The typical life of an American today is drastically different than it was just a generation ago. The primary source of this difference has been the growing access to high-speed internet and the explosion of new technologies built around it. Laptops, tablets, and smart phones are transforming how we gather information, entertain ourselves, and communicate with each other. Software, such as FaceTime and Skype, have given us the ability to condense space and interact face-to-face with colleagues, friends, and loved ones from around the world without ever leaving our living room. Smart Home products allow for new interactions with once silent household devices. Refrigerators can now text us when we’re out of milk and doorbells can show us who’s at the door, even when we’re miles away. Our homes are finally becoming the machines for living in that Le Corbusier foretold.
This new technology is also transforming how we relate to each other within the confines of our home. The post-World War II family exchanged the fireplace for the television as the point of social gathering within the house, but this shared screen to view the world has now splintered into separate smartphones for each parent and child. A double-edged sword, these devices can help a child research a homework assignment while also fostering jealousy for the distracted parental focus they struggle to attain. They can also connect us to relatives far away while at the same time build walls between us at the family dinner table.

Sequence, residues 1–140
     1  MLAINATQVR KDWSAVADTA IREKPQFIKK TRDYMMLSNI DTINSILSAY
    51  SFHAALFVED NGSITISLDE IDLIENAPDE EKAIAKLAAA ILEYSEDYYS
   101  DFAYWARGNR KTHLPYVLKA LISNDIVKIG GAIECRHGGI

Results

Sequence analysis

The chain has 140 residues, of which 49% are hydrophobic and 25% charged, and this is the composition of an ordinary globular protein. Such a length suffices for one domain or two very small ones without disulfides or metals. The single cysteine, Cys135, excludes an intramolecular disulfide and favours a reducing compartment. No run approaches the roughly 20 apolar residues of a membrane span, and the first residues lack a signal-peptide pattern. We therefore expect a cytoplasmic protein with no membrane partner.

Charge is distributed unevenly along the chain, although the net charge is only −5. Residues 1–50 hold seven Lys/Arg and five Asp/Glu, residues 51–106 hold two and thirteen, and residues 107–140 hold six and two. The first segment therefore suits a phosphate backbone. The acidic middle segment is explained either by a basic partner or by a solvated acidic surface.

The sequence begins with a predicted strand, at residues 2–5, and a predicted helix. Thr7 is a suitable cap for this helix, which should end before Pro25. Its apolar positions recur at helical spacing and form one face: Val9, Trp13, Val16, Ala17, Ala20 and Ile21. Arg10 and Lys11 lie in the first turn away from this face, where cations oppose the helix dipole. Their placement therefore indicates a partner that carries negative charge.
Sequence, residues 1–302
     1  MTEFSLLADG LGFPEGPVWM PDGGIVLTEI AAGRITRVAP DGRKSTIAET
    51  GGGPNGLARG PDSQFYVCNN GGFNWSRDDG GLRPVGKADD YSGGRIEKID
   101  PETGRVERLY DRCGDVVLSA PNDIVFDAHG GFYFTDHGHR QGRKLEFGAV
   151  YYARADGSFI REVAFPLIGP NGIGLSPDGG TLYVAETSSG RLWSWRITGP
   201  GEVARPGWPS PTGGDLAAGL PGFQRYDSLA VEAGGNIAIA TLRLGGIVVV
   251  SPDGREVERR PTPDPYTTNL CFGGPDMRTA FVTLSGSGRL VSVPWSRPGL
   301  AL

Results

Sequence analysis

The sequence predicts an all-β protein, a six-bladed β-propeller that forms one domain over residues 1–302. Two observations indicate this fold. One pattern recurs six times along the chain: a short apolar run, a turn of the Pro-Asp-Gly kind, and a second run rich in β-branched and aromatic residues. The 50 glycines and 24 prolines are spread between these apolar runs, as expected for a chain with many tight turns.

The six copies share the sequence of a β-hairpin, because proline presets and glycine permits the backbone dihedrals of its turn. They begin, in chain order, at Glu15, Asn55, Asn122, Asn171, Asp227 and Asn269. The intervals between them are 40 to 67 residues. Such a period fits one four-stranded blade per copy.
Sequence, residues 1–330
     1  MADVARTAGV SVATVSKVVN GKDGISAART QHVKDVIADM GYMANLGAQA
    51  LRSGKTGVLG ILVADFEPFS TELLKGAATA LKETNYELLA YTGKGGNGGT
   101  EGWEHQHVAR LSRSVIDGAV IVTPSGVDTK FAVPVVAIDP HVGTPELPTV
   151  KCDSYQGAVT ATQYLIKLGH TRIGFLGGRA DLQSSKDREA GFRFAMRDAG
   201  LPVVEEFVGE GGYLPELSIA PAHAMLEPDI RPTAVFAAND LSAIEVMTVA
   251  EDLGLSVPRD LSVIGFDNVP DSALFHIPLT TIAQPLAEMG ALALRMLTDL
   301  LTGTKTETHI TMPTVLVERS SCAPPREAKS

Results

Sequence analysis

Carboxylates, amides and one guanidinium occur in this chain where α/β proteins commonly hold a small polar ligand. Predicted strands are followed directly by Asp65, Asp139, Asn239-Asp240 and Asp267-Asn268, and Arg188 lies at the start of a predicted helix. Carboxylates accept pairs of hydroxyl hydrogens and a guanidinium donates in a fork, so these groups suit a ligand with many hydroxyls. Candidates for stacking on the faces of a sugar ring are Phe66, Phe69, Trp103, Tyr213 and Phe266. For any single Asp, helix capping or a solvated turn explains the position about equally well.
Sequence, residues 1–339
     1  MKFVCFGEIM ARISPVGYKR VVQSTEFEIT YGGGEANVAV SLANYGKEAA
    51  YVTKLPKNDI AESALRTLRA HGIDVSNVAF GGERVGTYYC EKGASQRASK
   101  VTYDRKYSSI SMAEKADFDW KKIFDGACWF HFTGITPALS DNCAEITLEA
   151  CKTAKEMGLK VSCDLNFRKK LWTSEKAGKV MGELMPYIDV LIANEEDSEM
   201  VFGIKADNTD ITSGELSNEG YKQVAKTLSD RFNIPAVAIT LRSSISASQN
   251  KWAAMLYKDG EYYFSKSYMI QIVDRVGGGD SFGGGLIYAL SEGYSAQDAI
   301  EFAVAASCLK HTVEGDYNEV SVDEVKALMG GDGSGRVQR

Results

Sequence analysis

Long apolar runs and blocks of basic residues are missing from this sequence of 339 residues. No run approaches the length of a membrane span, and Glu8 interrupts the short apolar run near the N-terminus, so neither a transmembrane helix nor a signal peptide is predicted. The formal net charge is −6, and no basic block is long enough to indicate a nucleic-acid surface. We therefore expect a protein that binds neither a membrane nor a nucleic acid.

Along with this transformation, the line between home life and work life has also been blurred. During the previous census, the U.S. Census Bureau noted a 35% increase, in just three years, of people who worked at least one day per week from home. This data, already eight years old, was gathered before the onset of the gig economy, brought about by companies such as Uber, Airbnb, and TaskRabbit. The very concept of being an employee is changing as more people are becoming 1099 contractors or self-employed entrepreneurs within this new economy. The traditional work world is reacting to this evolving reality and companies are competing for quality workers by offering telecommuting and flex work to allow for a more integrated work-life balance.
The side effect of all this is an increased intertwining of the home, the office, and the world at large. The walls that once compartmentalized our lives are falling away and we are left in a void of possibility where we can now define the shape of our own lives. Yet, how do we use these new technologies as a tool without losing ourselves to its addiction? How do we reap the benefits they provide without giving up the immediate personal interactions we hold dear? Our answer to these questions will have a direct effect on our lives and a lasting one on our society for generations to come.